The justification provided will be that there would otherwise be "over-government". This is true enough. Where county, district and parish councils all exist already, regional authorities would become the sixth administrative tier, after Westminster and Europe. Yet the cynicism implicit in the abolition of the shires is breathtaking. It is not just that, only three months ago, the government promised parliament that regionalisation would pose no threat to county councils. Nor is it simply that the assemblies are being justified on the grounds that they will bring decision-making closer to the people. Nor is it even that the counties are the Tories' last redoubt (they won 17 in last year's local elections), while regional assemblies will be mostly Labour-dominated.
What is most cynical is that Tony Blair claims to be concerned about the voters' disengagement from politics, as evidenced by falling turnout, a problem even worse at local, than at general, elections. Experience shows that institutions imbued with authority by age and tradition command more respect than new ones. The shires have a thousand years of history behind them; Edward Heath's "improvements" to them met such unrelenting protest that they had to be unravelled. Now counties are to be discarded completely, just to help Labour out of a jam.
You want more? These exciting new, directly elected assemblies are not, it turns out, to be quite as directly elected as we had been led to believe. Feeble though the new bodies will be, they would still, if they were to be armed with full democratic legitimacy, pose more of a threat to the centre than Labour's control freaks can allow.
The chosen method of castrating them will appeal to those who admire the government's plan for "reforming" the Lords. Regional assemblies are now, apparently, to include a substantial number of appointed "community representatives", who will sit alongside directly elected members and exercise full voting powers. This arrangement will enable the assemblies to benefit from wisdom and experience they might otherwise be denied. Or, to put it another way, clapped-out trade union hacks will block anything No 10 tells them to.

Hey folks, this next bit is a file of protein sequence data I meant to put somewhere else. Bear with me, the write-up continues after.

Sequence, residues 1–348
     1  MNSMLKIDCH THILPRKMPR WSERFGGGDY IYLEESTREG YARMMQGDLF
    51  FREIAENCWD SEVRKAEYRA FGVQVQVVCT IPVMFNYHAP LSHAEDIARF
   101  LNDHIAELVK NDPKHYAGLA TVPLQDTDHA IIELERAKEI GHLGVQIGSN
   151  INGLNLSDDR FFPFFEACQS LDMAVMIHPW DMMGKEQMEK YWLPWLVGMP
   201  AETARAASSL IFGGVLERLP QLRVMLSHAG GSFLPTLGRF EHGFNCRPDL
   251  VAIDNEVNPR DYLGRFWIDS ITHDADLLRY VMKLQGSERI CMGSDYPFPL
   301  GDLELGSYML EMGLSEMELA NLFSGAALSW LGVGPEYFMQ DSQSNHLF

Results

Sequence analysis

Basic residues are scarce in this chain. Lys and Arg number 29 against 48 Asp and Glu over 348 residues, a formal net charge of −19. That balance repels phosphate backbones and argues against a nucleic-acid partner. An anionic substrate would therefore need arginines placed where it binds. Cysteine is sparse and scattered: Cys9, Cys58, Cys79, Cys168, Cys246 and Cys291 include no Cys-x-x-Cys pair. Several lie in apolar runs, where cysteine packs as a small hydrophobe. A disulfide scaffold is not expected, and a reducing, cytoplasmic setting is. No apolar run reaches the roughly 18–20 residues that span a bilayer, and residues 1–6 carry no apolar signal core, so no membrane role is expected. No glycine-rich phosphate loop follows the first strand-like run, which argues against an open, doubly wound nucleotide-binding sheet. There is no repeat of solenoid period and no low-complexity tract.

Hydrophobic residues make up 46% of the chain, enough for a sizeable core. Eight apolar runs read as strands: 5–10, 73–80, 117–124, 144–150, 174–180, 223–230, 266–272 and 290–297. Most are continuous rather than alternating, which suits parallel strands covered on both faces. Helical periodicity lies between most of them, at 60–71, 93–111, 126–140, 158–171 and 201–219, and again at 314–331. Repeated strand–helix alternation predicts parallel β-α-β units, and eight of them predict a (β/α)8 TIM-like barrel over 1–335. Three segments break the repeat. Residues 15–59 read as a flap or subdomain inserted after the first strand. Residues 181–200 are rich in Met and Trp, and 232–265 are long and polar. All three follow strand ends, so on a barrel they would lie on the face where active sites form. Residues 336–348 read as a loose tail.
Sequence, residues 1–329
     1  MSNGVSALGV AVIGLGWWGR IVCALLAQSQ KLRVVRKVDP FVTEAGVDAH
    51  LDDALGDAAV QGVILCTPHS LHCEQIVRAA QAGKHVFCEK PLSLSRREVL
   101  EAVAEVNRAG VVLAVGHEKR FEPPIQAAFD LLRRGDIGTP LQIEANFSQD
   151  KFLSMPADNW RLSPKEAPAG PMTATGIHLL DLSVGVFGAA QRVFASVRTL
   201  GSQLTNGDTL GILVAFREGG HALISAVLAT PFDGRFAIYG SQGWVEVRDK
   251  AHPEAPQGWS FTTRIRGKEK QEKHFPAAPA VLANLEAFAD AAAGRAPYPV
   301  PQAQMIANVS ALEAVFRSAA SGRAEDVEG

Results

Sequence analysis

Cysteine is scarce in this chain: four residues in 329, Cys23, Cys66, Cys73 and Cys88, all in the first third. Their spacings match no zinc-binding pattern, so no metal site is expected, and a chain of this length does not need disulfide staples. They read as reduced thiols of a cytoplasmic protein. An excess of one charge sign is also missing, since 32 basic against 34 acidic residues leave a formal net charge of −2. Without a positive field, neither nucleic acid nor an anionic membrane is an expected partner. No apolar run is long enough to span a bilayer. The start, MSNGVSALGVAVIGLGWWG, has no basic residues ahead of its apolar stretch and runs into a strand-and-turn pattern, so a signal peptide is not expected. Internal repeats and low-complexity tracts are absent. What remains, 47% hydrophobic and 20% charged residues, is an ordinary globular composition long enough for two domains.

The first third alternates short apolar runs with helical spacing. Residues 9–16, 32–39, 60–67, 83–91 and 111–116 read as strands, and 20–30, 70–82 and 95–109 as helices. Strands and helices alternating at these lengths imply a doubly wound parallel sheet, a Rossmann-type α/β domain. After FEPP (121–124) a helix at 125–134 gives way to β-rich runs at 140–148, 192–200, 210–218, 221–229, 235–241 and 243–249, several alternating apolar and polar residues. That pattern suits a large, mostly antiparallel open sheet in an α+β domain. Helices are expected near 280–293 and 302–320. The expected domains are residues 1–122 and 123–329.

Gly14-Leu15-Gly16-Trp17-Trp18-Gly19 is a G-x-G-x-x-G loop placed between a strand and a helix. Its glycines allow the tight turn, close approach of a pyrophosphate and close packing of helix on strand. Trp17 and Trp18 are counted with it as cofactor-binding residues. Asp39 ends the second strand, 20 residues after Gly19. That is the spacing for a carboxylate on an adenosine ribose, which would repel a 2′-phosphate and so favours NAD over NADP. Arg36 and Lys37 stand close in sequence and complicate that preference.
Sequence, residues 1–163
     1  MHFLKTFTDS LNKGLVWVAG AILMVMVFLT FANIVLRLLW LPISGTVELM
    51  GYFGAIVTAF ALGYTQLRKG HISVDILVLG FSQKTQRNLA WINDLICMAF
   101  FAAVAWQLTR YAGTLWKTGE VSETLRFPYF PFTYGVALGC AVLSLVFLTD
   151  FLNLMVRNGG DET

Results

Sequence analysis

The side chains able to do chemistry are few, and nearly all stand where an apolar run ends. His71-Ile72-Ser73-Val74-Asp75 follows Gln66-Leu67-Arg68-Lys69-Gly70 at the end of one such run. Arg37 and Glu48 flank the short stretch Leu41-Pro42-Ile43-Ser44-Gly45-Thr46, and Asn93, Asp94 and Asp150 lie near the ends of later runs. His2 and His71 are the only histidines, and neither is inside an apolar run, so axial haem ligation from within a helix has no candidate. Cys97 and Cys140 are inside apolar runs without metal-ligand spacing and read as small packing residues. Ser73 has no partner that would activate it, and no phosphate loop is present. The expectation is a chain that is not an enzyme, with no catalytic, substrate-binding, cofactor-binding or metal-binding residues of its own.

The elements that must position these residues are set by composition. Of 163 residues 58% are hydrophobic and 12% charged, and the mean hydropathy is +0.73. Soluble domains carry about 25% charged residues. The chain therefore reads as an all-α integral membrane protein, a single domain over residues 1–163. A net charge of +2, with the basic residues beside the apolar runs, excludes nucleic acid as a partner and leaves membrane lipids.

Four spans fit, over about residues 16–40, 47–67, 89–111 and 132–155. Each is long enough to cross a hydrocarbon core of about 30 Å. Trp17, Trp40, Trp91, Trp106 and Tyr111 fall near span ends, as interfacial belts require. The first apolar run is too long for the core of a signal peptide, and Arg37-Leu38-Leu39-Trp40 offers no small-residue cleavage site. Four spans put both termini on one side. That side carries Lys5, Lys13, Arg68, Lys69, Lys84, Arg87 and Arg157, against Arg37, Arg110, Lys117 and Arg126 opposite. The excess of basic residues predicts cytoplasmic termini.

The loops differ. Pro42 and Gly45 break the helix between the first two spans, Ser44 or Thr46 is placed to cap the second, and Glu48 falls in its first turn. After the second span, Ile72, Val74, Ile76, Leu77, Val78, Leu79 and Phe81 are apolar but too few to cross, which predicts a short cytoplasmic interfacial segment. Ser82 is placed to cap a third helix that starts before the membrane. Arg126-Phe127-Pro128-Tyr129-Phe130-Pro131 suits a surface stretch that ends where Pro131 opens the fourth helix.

Unfortunately, the prospect of regional devolution has yet to enrapture the English, even in unadulterated form. A British Social Attitudes survey found just 15 per cent support for the principle. A "constitutional convention" held in Chester last year to drum up support for a north-western assembly attracted just one genuine member of the public, and he was unpersuaded. Many of the English apparently take the view that regional government would be just another gravy train for low-grade, junketing politicians. Others ask why recognition of Scotland's nationhood has to trigger the dismemberment of their own nation. So a secretive and vaguely sinister Labour campaign, spearheaded for some reason by Church of England bishops, is busily trying to rectify public opinion.
As a final act of cynicism, the Prime Minister has distanced himself from the whole sorry scheme by making its implementation the only known responsibility of his forlorn deputy, John Prescott. So the man once seen as the government's conscience will preside over what is perhaps its cheapest shot so far. Blair tells us he's a pretty straight kind of a guy. Thank God we aren't ruled by a man as cynical as we are.